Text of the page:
Learning from Imperfection

Flickr Credit: Sangudo
Flickr Credit: Sangudo

This past Sunday we talked about imperfection and the importance of being average and ordinary. Jesus’ work in Galilee reveals his desire to “build an alliance of backwards people” or as another person put it, Jesus worked to create the “fellowship of the disqualified.” We put so much pressure on ourselves and others to be perfect, successful, to look beautiful, keep up certain appearances, that we avoid our own imperfections to painful consequences. This avoidance is not only dangerous for our spiritual lives, it keeps us from being fully present to others in their weakness.

I think of the Lord’s Prayer which says:

And do not bring us to the time of trial, but rescue us from the evil one.

This is an important reminder embedded within the memory of the church, through one of it’s central prayers, that we are indeed susceptible to and prone towards temptation, weakness, and falling into trial. This is a confessionary act reminding us of our necessary reliance on God’s love and guidance, rather than our own straining towards perfection.

When you are average it is easier to just go and do what needs done. You don’t mind asking for help. You know that mistakes happen and that you can learn from them. It’s okay to look awkward. You find it more important to be there, to show up and try, than to get it all right the first time.

There’s a story about the Oregon poet William Stafford along these lines. Stafford was known to wake up at 4am every morning to write poetry. He saw it as “breaking off pieces of his life and turning them into poems.” In his life he wrote somewhere around 22,000 poems. Do you know how many were published? 3,000.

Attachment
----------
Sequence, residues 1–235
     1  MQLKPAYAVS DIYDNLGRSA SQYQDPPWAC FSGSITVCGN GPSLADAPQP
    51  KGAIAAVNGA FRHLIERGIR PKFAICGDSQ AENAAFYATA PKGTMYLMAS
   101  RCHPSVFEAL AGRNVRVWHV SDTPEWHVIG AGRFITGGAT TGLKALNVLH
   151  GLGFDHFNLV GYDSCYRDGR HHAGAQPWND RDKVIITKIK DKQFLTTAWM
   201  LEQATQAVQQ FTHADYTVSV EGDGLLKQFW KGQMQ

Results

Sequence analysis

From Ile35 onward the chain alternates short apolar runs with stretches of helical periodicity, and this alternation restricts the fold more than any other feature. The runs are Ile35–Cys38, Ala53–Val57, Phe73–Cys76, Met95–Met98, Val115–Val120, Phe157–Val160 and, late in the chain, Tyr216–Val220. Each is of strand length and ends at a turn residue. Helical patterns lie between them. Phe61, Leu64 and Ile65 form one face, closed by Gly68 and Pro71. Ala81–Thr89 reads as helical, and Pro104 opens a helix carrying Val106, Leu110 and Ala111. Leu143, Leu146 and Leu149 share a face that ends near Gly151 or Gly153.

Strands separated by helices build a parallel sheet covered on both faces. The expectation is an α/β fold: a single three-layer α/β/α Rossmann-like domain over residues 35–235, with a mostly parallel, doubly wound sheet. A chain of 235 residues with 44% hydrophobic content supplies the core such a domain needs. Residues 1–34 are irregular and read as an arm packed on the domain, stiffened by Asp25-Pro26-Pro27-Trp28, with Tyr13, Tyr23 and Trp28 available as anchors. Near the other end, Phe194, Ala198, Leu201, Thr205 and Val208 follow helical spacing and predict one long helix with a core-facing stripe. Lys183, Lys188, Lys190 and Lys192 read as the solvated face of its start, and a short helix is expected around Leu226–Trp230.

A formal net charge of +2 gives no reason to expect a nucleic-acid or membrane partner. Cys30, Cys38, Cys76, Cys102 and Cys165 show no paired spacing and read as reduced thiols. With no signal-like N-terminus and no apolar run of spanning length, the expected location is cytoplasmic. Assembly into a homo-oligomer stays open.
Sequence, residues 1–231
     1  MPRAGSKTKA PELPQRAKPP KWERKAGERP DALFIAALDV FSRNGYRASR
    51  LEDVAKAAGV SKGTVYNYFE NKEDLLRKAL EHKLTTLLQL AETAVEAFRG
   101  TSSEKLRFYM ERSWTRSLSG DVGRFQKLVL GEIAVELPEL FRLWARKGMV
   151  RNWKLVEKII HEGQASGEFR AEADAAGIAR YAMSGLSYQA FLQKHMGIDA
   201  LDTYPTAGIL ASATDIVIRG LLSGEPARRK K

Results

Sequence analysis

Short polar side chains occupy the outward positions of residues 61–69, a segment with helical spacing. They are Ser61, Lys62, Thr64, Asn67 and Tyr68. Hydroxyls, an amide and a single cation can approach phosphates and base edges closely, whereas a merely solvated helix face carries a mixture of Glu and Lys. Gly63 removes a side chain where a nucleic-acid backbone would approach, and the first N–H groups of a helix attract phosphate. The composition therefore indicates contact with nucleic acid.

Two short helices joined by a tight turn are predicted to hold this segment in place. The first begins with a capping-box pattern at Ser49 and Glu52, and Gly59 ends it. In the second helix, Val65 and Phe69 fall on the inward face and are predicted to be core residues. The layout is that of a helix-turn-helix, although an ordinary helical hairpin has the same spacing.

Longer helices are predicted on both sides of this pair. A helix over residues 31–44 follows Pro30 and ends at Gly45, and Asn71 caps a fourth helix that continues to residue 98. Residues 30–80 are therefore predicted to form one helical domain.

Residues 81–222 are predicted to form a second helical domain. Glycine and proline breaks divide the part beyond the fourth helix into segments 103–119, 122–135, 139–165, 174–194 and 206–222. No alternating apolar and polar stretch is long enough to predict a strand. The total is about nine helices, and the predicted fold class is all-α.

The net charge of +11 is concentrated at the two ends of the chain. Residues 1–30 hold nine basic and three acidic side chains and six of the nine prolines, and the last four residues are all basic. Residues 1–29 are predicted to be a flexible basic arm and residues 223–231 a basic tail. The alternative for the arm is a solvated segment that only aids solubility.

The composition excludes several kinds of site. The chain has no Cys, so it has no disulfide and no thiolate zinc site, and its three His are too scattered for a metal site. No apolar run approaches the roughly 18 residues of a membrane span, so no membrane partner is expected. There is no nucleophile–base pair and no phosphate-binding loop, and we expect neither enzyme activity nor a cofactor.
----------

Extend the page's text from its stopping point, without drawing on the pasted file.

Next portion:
Radical Presence” author Mary Rose O’Reilly writes about this that:

“Somebody said to him, ‘But surely you can’t write a good poem every day, Bill. What happens then? ‘Oh,’ he said,  ‘then I lower my standards’” (quoted in Patricia Madson’s Improv Wisdom).

I love this. It’s like trying High Jump for the first time. You don’t start with the bar at 5 feet. You start with something lower and continue to work on it. Maybe the bar barely raises, but part of the thrill is just learning how to clear the bar!

Often our idea of perfection or being successful or unique paralyzes us from moving in areas we may feel strongly about or called to. I am less likely to do something if I think that I won’t do well at it or might fail.

But what is failure? Are there ways in which I might begin redefining my expectations and outlook?

And what if instead of trying to constantly achieve, I welcome the average and ordinary. Not every word I write, post I share, or speech I deliver has to – or ever will – be perfect. I wasn’t called to be perfect. I was called to be who God has made me to be.

For me personally, I have stopped trying to preach “world changing” sermons each week. It was an expectation that I couldn’t meet and it constantly left me feeling overly stressed about this part of my job. I have decided that an average sermon is good enough. This has made a difference in how I feel about my work.

Stafford also wrote:

“It is important that awake people be awake.”

I believe it’s much easier to be awake and embrace the gift of who God has made us to be when we are not constantly straining under the pressure of perfection.


What can you learn from your relationship to your imperfections?